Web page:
Jessica Jørgensen | Dec 15, 2017 | 3
Vintage Review: The Last of the Mohicans – A Moving Historical Drama
The Last of the Mohicans Review
The Last of the Mohicans (1992) is a sweeping period drama and adaptation of the novel by James Fenimore Cooper. It is set during The French and Indian War in the mid-1700’s. The Last of the Mohicans is a film about war, love, loss and the death of Mohican culture.
The story follows three trappers who become caught up in the French and Indian War. They are Chingachgook, a Mohican, his son by blood Uncas and his ‘white son’ Hawkeye. When a french-allied Huron warrior named Magua attempts to murder two English ladies in the name of revenge, the three men come to the rescue. They choose to protect the Munroe sisters and escort them safely to their father, a General stationed at Fort William Henry. However, when they arrive at the fort they find it under siege from the French. The group must attempt to find a way to safety in the midst of war-torn countryside with Magua and his personal vendetta never far behind.
The Last of the Mohicans is an epic cinematic masterpiece. It is not a straight adaptation of the book with the director, Michael Mann, instead choosing to capture the essence of the novel. Large changes were made such as altering love interests and being less patronizing about the Native American Indian characters. In fact, Russell Means (Chingachgook) was approached about the role due to him being an activist for Native American rights and also the first National Director of the American Indian Movement. In interviews, he has praised the film as being a step forward in the portrayal of Native American Indian characters, especially concerning Magua who is a three-dimensional villain with a good reason for his rage. The portrayal of Native Americans in this film is done with sensitivity and depth. That said, I would have preferred if the character Hawkeye/Nathaniel had not been treated as the main character in a film titled The Last of the Mohicans.
Nevertheless, it is a beautiful, atmospheric piece of cinema that has managed to age rather well in just over twenty years. This is down to several things; the characters, locations and music being most prominent. The score was developed by Trevor Jones and Randy Edelman. It is the kind of large, emotional, important soundtrack that you rarely hear outside of big budget historical drama, the kind that makes an already good movie something truly special. The pace and tone of each scene are always perfectly matched, bringing the film truly to life. It also includes a track by Clannad called ‘I will find you’ which brings their own blend of mystical earthiness to the mix.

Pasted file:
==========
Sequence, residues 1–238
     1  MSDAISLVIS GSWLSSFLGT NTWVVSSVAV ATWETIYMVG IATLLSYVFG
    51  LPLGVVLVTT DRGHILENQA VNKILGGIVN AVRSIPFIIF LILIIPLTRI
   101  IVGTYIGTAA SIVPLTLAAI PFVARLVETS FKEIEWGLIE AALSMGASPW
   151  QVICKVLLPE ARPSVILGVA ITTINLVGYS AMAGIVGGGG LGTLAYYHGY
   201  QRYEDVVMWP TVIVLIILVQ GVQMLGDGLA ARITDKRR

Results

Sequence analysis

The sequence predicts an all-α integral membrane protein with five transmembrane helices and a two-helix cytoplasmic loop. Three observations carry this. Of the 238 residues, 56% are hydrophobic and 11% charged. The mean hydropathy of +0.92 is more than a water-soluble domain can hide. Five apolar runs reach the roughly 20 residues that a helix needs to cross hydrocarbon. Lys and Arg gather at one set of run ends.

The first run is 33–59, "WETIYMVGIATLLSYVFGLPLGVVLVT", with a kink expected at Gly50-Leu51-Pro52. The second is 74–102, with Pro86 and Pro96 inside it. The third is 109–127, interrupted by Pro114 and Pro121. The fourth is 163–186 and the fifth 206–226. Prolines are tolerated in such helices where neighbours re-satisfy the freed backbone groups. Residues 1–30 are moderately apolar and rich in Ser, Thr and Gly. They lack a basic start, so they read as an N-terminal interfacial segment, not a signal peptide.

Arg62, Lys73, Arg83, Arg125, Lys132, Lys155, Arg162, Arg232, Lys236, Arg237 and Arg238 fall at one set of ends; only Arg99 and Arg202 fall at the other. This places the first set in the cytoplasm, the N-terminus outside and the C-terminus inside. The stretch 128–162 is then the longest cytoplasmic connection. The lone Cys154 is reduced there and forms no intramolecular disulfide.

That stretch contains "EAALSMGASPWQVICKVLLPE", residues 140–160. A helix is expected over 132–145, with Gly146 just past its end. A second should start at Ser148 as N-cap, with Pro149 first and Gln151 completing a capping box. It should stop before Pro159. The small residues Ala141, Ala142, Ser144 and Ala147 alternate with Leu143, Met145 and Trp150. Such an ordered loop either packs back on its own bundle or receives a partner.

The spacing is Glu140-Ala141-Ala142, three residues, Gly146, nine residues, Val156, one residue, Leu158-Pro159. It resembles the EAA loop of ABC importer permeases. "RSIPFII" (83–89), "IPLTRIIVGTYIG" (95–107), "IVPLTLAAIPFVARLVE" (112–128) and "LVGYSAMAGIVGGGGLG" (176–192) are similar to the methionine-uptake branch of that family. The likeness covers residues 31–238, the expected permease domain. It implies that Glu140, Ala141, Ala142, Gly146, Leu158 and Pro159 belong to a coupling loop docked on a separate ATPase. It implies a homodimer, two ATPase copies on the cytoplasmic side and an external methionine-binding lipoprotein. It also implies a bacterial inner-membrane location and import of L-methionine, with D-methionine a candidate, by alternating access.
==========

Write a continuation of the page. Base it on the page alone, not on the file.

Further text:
Michael Mann some utterly beautiful locations to film Last of the Mohicans though two stand out the most. Interestingly, the waterfall cave scene was actually filmed in a cave behind a real waterfall, making the recording of sound extremely challenging. The most memorable scene, however, is the promontory sequence which was filmed in Chimney Rock Park, an attraction in North Carolina.
Everyone acted their parts well but special mention must go to Wes Studi as Magua who played him as a complex man at once hateful while remaining sympathetic. Despite having few lines, Russell Means, Eric Schweig, and Jodhi May managed to fully realize their characters and communicate a great depth of feeling in their roles. Madeline Stowe and Daniel Day Lewis were also very good.
There are two love stories that develop over the course of the film. The main one is between Cora and Hawkeye. It is a familiar attraction between like-minded passionate souls. The second is between Uncas and Alice, the younger quieter sister. This subtly progresses in the background through short blink-and-you’ll-miss-them moments. In fact, much was cut out of the original script. Despite its brevity, I still find this love story much more compelling than the central one. Here’s hoping those deleted scenes are released eventually.
All in all, the film has many things; love, action, drama, history and a well-written fast-paced plot. As the title may indicate there are tragic aspects to the film. It is not a happy film but it is an important one. I can definitely recommend it if you haven’t seen it yet. The Last of the Mohicans is a classic and a moving historical drama which will not fail to engage you.
Content Note: This movie is rated R for some bloody battle scenes.
Photo credit: Warner Brothers/ 20th Century Fox
“You had me at hello.”
“In vain have I struggled. It will not do. My
feelings will not be repressed. You must allow me
to tell you how ardently I admire and love you.”